Circular economy is the driving force of Latin American and Caribbean recovery

November 22, 2021

Preserving the value of materials and products as necessary by preventing the return to Nature of the largest amount possible of waste is among the goals of circular economy. Another goal is to make products linger long by means of reuse, recovery or repair.

By 2030, as many as 2.5 billion tons of waste are estimated to be produced annually around the world, up to 3.4 billion in 2050.

A study authored by the Economic Commission for Latin America and the Caribbean (ECLAC), entitled Circular economy in Latin America and the Caribbean, mentions that in 2016, over 605,000 tons of waste daily will be produced in the region, averaging 0.97 kg per capita per day. By 2050 such a number could heighten by 25%.

Caribbean countries display higher numbers as a result of tourism. Notably, the Caribbean Sea has the largest contamination by plastics in the world.

Latin America has barely implemented eco-efficiency of a circular economy for lack of regulations encouraging such transition. Interestingly, the reform of public policies and management systems is a must for the stages of production, consumption and final disposal.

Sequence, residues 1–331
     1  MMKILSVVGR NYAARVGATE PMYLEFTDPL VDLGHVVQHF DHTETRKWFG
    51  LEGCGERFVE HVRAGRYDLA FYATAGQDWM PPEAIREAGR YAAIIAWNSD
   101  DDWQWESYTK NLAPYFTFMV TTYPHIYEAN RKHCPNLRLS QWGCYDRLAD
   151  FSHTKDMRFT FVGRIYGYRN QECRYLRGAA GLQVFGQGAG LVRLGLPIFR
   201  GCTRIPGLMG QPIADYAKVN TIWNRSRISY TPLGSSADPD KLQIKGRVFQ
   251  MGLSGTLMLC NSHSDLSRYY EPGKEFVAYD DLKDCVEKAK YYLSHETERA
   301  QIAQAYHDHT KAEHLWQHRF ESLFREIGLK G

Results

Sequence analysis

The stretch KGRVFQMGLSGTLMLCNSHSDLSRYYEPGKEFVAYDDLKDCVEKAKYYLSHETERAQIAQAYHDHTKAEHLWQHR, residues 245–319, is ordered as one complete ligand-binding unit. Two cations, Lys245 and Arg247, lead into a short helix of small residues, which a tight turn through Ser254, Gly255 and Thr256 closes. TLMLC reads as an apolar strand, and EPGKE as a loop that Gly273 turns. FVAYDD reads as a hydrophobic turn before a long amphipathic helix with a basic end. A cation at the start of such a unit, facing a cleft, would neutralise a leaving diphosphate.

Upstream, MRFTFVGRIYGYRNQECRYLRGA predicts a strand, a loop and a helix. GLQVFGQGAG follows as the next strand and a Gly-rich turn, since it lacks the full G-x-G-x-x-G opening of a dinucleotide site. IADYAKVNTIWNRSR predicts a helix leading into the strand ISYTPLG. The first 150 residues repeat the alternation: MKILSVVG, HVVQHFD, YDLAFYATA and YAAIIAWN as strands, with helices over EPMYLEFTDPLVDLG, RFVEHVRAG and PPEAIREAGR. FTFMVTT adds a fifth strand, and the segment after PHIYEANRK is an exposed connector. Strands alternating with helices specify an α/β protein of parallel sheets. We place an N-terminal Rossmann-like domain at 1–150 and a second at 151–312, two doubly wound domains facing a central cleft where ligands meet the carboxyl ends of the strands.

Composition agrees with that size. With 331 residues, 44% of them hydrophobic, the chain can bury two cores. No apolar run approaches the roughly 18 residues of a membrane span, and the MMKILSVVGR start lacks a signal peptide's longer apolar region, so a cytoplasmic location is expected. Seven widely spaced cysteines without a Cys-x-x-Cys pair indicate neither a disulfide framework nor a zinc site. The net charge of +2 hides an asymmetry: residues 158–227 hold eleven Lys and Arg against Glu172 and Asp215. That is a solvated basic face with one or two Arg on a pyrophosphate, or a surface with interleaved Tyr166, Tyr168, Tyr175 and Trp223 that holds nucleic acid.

In Latin America and the Caribbean, paper, cardboard and glass are among the most recycled materials behind plastics. For their part, electrical appliances and electronic devices have a high impact on the environment due to their life cycle. Thus, waste management is a golden opportunity for environmental and economic improvement in the region.

Recycling is appropriate for the organization of new businesses and job creation; it is also good to raise awareness.

Some Latin American and Caribbean countries are moving towards circular transition. Colombia, for instance, plans to enlarge the recycling and reuse rate from 8.7% nowadays to 17.9% in 2030.

Waste management in Latin America is relative. Chile, Colombia and Mexico boast the highest recycling indexes. Direct and indirect effects on annual production for these three countries range from 0.53% to 1.1% of GDP.

The extrapolation for Latin America and the Caribbean shows a production hike from 0.19% to 0.35% of regional GDP.

In addition to prevention and control of the environmental impact, waste management and recycling have a great potential of job creation and economic development for Latin America and the Caribbean.

Key topics: pymes